November 11, 2008

On Veterans' Day

Marine Staff Stg. John Jones. Photo by Timothy Greenfield-Sanders, via HuffPost.

The VA estimated that in 2007 it took an average of six months to reach an initial decision on a benefits claim [...] and processing appeals takes years.

"This is a national embarrassment," said [attorney Robert E.] Cattanach, a Navy veteran with a son who has served two Army tours in Iraq. "Every day that goes by that this isn't fixed, people's lives are being changed," he said, recalling his effort to obtain benefits for a veteran who committed suicide before his case was resolved. [Source: today's WaPo. Full article here.]
An excellent proposal from hilzoy:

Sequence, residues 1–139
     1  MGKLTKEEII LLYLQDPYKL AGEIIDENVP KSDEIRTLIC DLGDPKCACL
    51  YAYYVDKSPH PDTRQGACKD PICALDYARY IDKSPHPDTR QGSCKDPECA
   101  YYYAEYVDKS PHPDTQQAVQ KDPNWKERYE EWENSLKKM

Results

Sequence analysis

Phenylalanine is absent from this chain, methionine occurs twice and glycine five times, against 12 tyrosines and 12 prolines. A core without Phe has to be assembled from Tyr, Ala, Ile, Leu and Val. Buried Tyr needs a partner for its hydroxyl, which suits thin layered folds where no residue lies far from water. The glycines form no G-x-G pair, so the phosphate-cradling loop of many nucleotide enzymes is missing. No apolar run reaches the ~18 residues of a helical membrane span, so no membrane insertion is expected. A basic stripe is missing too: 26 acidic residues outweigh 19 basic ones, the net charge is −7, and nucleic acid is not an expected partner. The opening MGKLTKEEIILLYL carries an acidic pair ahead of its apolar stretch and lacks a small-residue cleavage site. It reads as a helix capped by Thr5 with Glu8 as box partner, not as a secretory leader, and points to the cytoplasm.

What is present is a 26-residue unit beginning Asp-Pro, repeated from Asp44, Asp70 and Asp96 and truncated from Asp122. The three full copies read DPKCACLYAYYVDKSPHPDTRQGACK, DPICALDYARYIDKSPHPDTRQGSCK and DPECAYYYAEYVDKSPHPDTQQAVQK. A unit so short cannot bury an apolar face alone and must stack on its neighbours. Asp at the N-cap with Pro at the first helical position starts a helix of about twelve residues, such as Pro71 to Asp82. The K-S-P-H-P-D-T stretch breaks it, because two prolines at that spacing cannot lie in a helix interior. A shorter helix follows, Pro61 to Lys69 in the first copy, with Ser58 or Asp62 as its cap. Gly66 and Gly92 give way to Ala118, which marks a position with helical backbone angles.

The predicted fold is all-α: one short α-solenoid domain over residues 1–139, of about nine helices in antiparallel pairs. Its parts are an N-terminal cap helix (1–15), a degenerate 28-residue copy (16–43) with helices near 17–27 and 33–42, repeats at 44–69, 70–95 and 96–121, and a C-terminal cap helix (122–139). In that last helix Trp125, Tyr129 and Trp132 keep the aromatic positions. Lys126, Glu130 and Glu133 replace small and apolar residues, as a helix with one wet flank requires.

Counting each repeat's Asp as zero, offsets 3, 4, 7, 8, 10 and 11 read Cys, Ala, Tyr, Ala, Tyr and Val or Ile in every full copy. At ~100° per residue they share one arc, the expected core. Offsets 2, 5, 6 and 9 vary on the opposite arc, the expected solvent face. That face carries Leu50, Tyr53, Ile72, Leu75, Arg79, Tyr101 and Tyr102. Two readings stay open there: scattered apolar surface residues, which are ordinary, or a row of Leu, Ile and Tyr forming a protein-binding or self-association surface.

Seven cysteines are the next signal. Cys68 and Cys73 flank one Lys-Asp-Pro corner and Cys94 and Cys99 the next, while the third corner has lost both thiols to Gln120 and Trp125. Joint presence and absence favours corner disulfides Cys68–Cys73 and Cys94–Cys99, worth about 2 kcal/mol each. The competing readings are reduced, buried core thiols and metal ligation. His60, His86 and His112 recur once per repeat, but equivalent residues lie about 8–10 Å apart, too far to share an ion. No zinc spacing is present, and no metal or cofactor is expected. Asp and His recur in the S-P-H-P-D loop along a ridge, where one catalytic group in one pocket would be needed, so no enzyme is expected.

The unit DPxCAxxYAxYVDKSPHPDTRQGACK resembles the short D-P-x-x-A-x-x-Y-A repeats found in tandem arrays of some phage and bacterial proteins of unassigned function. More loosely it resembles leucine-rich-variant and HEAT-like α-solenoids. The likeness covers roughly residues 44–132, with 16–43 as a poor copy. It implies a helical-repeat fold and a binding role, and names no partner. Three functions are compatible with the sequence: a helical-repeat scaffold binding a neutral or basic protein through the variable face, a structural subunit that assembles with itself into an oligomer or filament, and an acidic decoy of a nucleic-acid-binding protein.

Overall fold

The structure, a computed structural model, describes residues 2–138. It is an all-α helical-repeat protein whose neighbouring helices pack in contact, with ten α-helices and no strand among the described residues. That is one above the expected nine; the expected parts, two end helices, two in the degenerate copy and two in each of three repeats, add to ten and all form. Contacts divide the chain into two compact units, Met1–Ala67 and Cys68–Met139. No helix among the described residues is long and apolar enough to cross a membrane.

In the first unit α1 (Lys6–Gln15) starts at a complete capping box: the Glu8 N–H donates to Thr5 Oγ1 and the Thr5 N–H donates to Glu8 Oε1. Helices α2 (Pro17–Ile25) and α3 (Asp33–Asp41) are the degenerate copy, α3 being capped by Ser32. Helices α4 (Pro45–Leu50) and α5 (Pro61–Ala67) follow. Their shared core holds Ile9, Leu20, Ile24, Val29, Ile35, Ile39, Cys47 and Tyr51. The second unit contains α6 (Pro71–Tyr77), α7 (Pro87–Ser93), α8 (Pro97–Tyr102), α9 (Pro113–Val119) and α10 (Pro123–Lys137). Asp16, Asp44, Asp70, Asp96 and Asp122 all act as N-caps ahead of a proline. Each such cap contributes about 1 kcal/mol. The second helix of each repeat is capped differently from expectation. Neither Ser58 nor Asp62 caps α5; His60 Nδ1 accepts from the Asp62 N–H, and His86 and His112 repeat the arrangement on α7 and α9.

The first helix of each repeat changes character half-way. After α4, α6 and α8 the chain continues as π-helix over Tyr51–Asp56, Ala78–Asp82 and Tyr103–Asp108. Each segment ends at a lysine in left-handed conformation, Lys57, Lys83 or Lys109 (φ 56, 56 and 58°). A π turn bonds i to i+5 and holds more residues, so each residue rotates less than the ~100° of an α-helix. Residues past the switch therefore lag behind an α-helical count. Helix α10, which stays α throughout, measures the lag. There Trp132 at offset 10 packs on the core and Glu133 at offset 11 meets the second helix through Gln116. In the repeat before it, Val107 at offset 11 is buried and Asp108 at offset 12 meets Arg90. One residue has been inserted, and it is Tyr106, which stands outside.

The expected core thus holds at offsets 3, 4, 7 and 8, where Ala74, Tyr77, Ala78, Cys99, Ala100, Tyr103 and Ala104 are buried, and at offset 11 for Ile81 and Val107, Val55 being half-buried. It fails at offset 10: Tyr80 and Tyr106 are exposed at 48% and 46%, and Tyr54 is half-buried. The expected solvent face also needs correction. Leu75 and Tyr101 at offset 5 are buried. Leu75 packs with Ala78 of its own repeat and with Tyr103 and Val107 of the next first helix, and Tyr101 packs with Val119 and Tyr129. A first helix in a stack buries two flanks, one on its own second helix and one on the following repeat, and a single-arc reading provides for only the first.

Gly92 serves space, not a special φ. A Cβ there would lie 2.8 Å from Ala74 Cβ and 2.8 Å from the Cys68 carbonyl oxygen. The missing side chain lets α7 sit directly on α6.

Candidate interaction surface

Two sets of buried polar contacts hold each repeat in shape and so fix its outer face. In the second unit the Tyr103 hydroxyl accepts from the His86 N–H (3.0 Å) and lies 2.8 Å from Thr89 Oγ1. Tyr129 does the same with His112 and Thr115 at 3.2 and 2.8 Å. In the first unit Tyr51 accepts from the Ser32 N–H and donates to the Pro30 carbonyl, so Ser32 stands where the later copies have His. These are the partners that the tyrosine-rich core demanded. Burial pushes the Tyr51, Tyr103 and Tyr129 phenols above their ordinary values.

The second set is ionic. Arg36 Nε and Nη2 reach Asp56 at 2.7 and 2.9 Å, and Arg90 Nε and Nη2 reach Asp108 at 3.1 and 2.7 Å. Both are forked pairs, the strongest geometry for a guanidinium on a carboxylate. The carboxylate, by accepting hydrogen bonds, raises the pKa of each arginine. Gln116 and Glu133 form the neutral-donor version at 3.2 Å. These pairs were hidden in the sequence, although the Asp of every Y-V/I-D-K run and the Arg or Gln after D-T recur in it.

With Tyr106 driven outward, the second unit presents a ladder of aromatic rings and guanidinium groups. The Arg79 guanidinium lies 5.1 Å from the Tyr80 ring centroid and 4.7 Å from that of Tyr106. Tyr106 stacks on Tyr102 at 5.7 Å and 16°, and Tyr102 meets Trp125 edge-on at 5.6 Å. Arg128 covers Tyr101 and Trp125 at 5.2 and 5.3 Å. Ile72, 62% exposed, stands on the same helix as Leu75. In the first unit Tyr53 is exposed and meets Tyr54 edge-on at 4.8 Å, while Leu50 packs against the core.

While a veteran's disability claim is being processed, that veteran doesn't get disability. S/he has to live on a fraction of his or her active duty pay, which would be OK for someone who could get another job, but is not at all OK for someone who is disabled. As I wrote last June, it doesn't have to be this way: rather than putting the burden on vets to prove their disability, we could presume that their disability claims were true, and then audit a subset of them, the way we do with taxes. (This is an idea I got from Linda Bilmes, here.) That way, vets would get the money they are entitled to from the outset, rather than having to live off friends and family while the VA slogs through their mountains of paperwork.
This is the least we owe our nation's veterans. "On this Veterans Day, let us rededicate ourselves to keep a sacred trust with all who have worn the uniform of the United States of America: that America will serve you as well as you have served your country." [Barack Obama]

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